SWWW 2018: Open data on water availability can prevent that water scarcity leads to conflicts
‘If you ask an Israeli water authority for data on water abstractions and you do the same with a Palestine water authority, one gets the idea that they give you data on different aquifers’, said Natasha Westheimer of Quartet, a mediation organisation mandated by the United Nations, the European Union, the United States and Russia to support Middle East peace negotiations and to support Palestinian economic development.
Westheimer spoke at a session of the Stockholm World Water Week on 27 August organised by the Water Peace Security Partnership that pioneers to develop tools and services that can identify, and ultimately prevent, water-related conflicts.
The session made clear that reliable and real time data that is openly shared to all parties can be enormously important. It can objectively show how much water is available to all users in a catchment area.
The Water Peace Security Partnership is led by IHE Delft and participants are the World Resources Institute, Deltares, the Hague Centre for Strategic Studies, Wetlands International and International Alert.Natasha Westheimer of Quartet plead for reliable data on water scarcity for all conflict parties.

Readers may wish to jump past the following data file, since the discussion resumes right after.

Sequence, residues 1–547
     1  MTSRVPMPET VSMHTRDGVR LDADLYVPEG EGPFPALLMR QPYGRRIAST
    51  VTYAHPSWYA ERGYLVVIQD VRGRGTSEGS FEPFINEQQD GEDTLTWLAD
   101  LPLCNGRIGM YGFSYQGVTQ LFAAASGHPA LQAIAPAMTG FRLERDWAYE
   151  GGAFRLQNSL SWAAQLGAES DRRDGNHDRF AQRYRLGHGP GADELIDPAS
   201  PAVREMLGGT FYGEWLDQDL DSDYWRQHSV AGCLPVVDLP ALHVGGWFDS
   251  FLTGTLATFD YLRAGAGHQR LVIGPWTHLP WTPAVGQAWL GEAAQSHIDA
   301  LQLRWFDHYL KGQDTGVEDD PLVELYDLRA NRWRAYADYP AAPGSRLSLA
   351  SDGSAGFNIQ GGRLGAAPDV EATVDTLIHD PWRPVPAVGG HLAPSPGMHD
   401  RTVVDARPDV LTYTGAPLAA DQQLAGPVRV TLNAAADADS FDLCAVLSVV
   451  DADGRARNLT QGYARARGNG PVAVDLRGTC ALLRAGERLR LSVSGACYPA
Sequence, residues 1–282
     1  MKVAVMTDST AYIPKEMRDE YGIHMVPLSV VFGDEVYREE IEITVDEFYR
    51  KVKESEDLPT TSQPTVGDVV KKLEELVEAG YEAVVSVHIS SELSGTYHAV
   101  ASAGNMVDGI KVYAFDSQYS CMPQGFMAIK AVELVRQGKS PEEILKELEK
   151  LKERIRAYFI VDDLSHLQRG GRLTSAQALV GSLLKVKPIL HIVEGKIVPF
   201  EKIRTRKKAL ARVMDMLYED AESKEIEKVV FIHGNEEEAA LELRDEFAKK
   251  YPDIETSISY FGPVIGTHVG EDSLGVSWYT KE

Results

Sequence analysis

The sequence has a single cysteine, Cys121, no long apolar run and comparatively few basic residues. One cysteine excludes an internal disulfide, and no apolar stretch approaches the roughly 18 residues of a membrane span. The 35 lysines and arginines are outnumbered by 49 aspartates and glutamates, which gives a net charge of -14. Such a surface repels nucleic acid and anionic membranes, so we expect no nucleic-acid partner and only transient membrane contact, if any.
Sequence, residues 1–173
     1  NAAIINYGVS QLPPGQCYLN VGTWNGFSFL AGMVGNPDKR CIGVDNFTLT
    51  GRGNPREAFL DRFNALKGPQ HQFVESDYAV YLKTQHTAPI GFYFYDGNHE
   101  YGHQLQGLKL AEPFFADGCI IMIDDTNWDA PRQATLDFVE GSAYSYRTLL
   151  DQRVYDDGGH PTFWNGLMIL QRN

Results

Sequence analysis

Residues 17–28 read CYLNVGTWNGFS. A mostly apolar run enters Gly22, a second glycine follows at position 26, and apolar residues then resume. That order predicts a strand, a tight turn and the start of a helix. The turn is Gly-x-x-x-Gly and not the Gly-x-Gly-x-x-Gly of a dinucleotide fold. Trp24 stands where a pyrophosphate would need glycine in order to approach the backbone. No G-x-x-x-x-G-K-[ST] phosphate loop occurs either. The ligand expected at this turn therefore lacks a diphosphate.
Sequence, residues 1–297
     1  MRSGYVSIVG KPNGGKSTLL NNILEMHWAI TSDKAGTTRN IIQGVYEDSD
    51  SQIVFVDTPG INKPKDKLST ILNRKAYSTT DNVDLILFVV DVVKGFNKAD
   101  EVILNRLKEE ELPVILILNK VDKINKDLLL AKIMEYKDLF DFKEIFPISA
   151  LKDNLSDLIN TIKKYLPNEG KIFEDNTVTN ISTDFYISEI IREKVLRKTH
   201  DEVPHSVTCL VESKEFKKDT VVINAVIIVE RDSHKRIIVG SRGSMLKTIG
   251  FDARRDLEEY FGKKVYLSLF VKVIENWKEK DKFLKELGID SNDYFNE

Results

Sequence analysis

Champions on the ground
Westheimer of Quartet called for champions on the ground that can feed the diplomats with trustworthy data sets on the availability of water. She sees huge potential for tools that convert the data sets into meaningful information to reduce the water stress.
The session showed that there is a still a long way to go. The link between water scarcity and conflicts is very complicated.
Machine learning algorithms
Liz Saccoccia of the World Resources Institute gave an update on the development of the building of a model on water scarcity and conflicts. Started in 2018 and it is now in the phase to do the first testing and discover the real hot spots. Saccoccia reported that the model picked up the first signs of the famine from drought and floods in Madagascar, the beginning of drought in Somali, and early warnings of water crises in South Africa.
Karen Meijer of Deltares explained that scientific research also focusses on the cause-effect relation between water scarcity, conflicts and migration. ‘It is very complex and there are many uncertainties. So, we intend to make the model relations very transparent and open for discussion’, Meijer said.Martina Klimes of SIWI suggested to include militairy organisations in sharing data on water scarcity in conflict areas.
Involvement of military
Several groups have already been identified to be potential users of the data sets and the tools. During the session the focus was on three of them: development organisations, diplomats and military organisations.
In general, the presence of military is debated as it can fuel up a conflict.
Martina Klimes of the Stockholm International Water Institute (SIWI) noticed the importance a military presence can have in hot spot areas.
‘They can safe guard logistics and they also have an engineering capability for water infrastructures. It is important to include the military as a potential user of the data sets and tools', Klimes suggested.
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●Stockholm World Water Week 2017: Many reasons for conflicts, water shortage is one of them, 30 August 2017
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